We are living in an era of increasing demands and diminishing resources for public schools. In cities where there is an unwillingness to invest in public schools, the likelihood of overcoming the challenges related to economic development, creating a viable work force, improving neighborhood quality of life, reducing crime, and improving health, are nearly impossible. Danville Public Schools were considered a high performing school district as recently as 2012.
Our academic and athletic performance especially in the visual and performing arts, literary magazine, the career and technical education programs, and graduation rates were once considered the envy of the region. Many of these areas continue to thrive with high quality performances and recognition in spite of reductions in funding and staffing. As an example, the George Washington High School Symphonic Band received Superior Ratings in the District Six State Concert Band Assessments held in Lynchburg on March 2, 2017. Our ability to sustain this level of performance is only one example of the many successes our staff accomplishes every day.
The challenges under which teachers work today are related to a number of factors ranging from changing demographics to decreased funding. These challenges are further exacerbated by additional decreases in state and local funding as the result of a spiked decline in enrollment this year. This has been an especially difficult year with the sharp decline in enrollment of more than 200 students. The loss of students is the equivalent to a reduction in funding of nearly $1.5 million in state funding.
Collectively, massive reductions in staffing that began in 2009 – 2010 school-year have resulted in larger classes, crowded schools, more pressure on teachers, less professional development, and an overall reduction of staff of more than 16% (189 positions have been eliminated since 2009.) The reduction in staffing, changing demographics, and reductions in revenue led to a steady decline in student outcomes over the past three years. Our schools were fully accredited in 2011- 2012 and today 8 of our 11 schools are fully or partially accredited. The most vivid example of the collective impact of the reduced funding is Woodberry Hills Elementary School, a wonderful school that has recently been denied accreditation.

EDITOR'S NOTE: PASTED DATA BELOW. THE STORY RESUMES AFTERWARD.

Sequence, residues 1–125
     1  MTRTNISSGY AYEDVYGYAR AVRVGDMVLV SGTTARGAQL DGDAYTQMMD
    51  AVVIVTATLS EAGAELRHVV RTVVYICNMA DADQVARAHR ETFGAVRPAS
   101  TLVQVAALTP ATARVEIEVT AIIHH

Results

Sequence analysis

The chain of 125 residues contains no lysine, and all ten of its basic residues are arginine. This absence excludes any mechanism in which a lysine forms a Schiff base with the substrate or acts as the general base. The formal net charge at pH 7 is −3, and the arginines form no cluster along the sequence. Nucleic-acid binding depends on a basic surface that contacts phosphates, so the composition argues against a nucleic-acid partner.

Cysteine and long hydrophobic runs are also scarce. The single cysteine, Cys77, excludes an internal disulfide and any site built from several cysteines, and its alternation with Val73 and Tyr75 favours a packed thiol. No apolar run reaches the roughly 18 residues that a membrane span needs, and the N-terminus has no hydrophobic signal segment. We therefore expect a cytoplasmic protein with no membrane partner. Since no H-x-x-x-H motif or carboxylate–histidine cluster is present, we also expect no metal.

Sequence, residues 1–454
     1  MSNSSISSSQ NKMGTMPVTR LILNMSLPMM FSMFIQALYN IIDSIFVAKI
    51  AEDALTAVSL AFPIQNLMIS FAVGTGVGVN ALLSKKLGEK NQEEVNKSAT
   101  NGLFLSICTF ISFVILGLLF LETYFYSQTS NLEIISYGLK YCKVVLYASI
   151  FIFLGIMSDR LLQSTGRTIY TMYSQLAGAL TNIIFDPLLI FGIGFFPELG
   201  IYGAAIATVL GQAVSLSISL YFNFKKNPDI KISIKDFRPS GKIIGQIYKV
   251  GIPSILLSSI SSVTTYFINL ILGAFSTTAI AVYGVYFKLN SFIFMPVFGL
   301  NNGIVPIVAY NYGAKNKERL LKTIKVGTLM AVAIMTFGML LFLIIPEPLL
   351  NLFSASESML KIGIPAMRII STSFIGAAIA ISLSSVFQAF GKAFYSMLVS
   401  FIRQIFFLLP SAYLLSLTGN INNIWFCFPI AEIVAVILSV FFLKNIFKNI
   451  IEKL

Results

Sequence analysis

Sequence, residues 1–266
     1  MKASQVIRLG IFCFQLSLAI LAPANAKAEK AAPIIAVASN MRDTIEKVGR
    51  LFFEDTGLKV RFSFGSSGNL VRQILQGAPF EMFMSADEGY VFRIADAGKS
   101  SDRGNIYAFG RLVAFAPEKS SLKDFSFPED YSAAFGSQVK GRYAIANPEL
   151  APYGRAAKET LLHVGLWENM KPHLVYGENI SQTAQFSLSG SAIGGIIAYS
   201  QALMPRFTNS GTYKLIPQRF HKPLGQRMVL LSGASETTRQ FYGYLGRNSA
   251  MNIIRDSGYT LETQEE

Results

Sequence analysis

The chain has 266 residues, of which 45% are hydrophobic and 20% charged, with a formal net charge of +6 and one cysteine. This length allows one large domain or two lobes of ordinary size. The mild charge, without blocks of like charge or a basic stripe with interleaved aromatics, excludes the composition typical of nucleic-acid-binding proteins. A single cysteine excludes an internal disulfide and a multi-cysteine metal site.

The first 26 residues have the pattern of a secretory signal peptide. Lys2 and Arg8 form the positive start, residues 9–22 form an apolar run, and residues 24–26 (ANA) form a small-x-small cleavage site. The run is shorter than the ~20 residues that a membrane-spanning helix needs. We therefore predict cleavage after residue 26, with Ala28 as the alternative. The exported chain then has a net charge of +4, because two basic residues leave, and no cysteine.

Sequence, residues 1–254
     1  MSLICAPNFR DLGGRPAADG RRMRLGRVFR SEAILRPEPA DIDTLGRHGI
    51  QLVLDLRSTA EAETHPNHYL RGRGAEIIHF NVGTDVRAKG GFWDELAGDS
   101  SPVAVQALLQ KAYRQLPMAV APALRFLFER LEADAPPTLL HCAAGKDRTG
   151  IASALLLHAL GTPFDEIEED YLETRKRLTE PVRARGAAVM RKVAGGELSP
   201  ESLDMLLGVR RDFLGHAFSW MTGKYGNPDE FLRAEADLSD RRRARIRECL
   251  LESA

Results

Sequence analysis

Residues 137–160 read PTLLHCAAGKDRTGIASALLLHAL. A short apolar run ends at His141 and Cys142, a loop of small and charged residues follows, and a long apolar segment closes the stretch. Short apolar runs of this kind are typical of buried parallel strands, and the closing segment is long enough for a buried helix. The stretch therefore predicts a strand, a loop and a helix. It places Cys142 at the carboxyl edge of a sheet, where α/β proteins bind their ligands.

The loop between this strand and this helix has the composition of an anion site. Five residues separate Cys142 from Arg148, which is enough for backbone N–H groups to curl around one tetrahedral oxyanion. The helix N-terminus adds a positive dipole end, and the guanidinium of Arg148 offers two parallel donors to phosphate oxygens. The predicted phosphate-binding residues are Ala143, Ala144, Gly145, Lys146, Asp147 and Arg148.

On March 16, 2017, I presented the Proposed Fiscal Year 2017 – 2018 Budget to the School Board. The budget was entitled, Reinvesting in the Profession of Teaching and Learning. The goals of the Proposed Fiscal Year 2017 – 2018 Budget are as follows:
- Empowering teachers and improving student outcomes
- Enhancing recruitment and retention
- Further enhancing school safety and security
- Leveraging partnerships with businesses and industry
- Manage human and fiscal resources efficiently
Embedded within these goals are certain beliefs: teaching is a profession and our investments should support their on-going professional development, teachers have the greatest impact on student learning, while all employees are vital to our success, teachers have the most challenging role of them all and are under significant pressure to improve learning, and the belief that investing in our teachers will help us improve outcomes for our students.
In closing, I believe that the proposed budget is critical to our school division efforts to turn itself around by providing additional support to teachers. The proposed budget can be found on the school division website by clicking here.
The proposed budget represents the appropriate balance of investments ranging from empowering teachers, enhancing teacher recruitment and retention, while enhancing school safety, leveraging business partnerships, and managing resources. Your support will result in increased student outcomes. The best economic stimulus package we can invest in for our community is increasing high school graduation.